Snapshots - #42: Thor: Ragnarok, Film Stars Don't Die in Liverpool, LBJ

Thor: Ragnarok (2017), (♦♦♦♦½): Thor has saved earth twice by now and has, for the last two years, wandered the universe searching for infinity stones. He hasn't found any. He has, however, become prisoner of an enemy of Asgard, Surtur, who tells Thor that his visions of Asgard engulfed in flames is a premonition of Ragnarok—the destruction of Asgard, which is already in motion. Thor frees himself and arrives at home to find Loki sitting on the throne, passing as Odin, and neglecting his duties to protect the Nine Realms. With Odin's exile, Asgard's enemies have been reassembling, but Odin's death may just free Hela, a goddess against whom neither Thor nor Loki are enough.
It was in Thor: The Dark World where Loki, an antagonist, first threatened to steal the show. He became the villain that Marvel fandom loves to hate. While Loki is at his most charming in this film, the director, with the help of a sparkling screenplay, has very much exploited the great chemistry of t…

Lovelace (♦♦♦♦)

In the 1970s, Linda Lovelace starred in an adult movie that became a sensation. She became an overnight celebrity. Little did people know that she had been an unwilling pawn in her husband sick way of making money.

Amanda Seyfried usually stars in bubbly, feel good movies, but in Lovelace she sheds her good girl image and delivers the performance of her life as Linda Lovelace. The role is challenging enough for an acting heavyweight, but Seyfried as usual makes it seem effortless, as if all the sugar coated roles that preceded this one had been in preparation for Lovelace. Don't get me wrong, there is a bubbly personality underneath the sexy persona, and Seyfried shines equally as the girl next door turned unwilling celebrity than she does as a common woman needing love and protection.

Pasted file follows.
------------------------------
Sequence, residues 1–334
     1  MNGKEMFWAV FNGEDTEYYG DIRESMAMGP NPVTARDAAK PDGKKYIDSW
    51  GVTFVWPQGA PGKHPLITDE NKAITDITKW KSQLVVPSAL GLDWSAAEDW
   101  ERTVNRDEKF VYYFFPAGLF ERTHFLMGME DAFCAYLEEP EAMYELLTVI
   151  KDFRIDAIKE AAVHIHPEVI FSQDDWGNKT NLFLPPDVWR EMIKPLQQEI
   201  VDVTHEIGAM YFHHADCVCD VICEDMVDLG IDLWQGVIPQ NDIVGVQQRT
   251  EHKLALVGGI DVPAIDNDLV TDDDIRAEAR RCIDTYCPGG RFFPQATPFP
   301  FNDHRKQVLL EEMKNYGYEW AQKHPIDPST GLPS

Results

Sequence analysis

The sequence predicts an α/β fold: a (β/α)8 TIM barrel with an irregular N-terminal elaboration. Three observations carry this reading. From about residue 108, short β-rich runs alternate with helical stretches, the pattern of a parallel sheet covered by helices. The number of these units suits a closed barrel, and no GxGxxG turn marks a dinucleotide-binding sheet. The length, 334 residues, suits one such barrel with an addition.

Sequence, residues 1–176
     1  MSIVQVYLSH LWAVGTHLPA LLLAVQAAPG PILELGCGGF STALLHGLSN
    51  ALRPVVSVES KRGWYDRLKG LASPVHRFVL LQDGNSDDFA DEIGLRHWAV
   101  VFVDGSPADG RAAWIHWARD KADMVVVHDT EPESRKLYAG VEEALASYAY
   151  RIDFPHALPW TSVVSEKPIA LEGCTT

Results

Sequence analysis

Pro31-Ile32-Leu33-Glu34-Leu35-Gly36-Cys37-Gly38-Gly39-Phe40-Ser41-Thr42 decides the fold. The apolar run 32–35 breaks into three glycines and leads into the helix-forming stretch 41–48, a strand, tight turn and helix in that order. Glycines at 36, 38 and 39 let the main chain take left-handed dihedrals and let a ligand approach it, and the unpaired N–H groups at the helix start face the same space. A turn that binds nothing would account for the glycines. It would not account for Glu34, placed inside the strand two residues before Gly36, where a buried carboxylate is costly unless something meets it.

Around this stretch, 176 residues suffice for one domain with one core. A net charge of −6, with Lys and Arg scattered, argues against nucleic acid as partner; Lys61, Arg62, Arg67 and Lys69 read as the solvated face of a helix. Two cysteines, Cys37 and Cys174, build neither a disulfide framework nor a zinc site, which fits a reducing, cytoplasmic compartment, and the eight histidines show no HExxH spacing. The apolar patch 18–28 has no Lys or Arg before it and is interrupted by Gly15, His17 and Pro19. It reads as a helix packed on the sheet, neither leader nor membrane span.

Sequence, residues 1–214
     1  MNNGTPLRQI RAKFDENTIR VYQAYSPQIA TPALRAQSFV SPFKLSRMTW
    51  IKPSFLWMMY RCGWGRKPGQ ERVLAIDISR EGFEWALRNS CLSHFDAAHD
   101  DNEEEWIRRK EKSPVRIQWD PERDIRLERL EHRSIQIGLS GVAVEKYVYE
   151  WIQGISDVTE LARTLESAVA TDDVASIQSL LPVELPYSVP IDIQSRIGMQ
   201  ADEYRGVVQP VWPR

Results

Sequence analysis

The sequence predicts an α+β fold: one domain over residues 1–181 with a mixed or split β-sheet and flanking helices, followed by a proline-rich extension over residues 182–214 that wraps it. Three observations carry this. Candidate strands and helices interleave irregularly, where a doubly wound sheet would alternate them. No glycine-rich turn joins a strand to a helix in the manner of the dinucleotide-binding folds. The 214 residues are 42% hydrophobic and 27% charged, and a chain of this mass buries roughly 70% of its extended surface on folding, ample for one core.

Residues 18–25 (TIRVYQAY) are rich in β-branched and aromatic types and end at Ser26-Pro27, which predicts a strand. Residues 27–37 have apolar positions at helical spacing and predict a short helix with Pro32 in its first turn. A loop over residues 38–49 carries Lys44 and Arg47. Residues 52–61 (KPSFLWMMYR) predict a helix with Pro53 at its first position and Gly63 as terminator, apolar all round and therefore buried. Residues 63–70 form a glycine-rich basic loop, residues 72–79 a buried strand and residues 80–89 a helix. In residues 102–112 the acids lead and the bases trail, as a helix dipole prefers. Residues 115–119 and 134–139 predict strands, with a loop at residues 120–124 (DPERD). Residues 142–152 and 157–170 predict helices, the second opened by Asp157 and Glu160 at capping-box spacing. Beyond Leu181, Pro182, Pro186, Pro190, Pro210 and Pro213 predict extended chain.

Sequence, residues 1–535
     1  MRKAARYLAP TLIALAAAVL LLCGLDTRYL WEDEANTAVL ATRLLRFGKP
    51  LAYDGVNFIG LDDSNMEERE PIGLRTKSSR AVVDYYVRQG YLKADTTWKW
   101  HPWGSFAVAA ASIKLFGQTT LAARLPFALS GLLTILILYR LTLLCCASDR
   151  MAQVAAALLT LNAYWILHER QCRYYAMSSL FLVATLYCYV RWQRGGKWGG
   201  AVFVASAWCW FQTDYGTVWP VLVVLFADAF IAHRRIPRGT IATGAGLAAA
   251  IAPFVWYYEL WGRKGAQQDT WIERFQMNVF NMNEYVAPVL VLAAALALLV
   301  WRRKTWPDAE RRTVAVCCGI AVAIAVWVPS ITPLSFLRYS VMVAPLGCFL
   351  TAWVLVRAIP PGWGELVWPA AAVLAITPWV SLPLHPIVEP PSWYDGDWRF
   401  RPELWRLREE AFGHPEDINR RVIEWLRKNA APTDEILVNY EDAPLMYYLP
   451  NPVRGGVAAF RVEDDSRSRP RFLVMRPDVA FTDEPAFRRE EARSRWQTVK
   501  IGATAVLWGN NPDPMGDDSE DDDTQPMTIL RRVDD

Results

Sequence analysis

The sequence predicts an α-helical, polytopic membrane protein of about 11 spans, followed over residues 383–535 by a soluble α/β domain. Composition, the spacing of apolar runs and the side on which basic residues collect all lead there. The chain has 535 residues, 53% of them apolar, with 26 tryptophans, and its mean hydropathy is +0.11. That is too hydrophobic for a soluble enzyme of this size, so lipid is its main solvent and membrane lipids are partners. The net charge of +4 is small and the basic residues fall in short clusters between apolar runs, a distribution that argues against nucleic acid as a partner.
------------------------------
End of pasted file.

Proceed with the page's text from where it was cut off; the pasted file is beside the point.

Peter Sarsgaard has the role of the abusive scumbag husband, and he owns his role as well. He is the villain in the story and you get to hate him for it.

Lovelace is not a family movie; it is intended for adults as much for its graphic nudity, drug use, depiction of the sex movie industry, as it is for scenes of domestic abuse.

Far from the suggested explicit sexuality, the real message of Lovelace resides in a woman who was abused, exploited in a relationship, and turned her life around and gave a voice to victims of sex and domestic violence.

Amanda Seyfried (Linda Lovelace), Peter Sarsgaard (Chuck Traynor, Linda’s husband), Sharon Stone (Dorothy Boreman, Linda’s mother), Robert Patrick (John Boreman, Linda’s father), James Franco (Hugh Hefner), Bobby Cannavale (Butchie Peraino), Chris Noth (Anthony Romano)


  1. I remember Linda Lovelace but I never really knew her personal story. It sounds as though she had a lot that she had to rise above in order to be successful. And James Franco as Hugh Hefner? Interesting!

    1. Well, her own husband forced her to make the movie that gave her fame. It's very difficult to watch. Yes, James Franco as a younger Hugh Hefner.

  2. Amanda Seyfried is pretty talented. I'm glad Lovelace turned things around. I saw Seyfried in While We're Young which is a pretty entertaining movie.

    1. She is very talented; she shines pretty much in every movie she acts in, but she simply was born for this role. It is a such a contrast to anything she has done before...I haven't seen While We're Young, but I promise to search for it.


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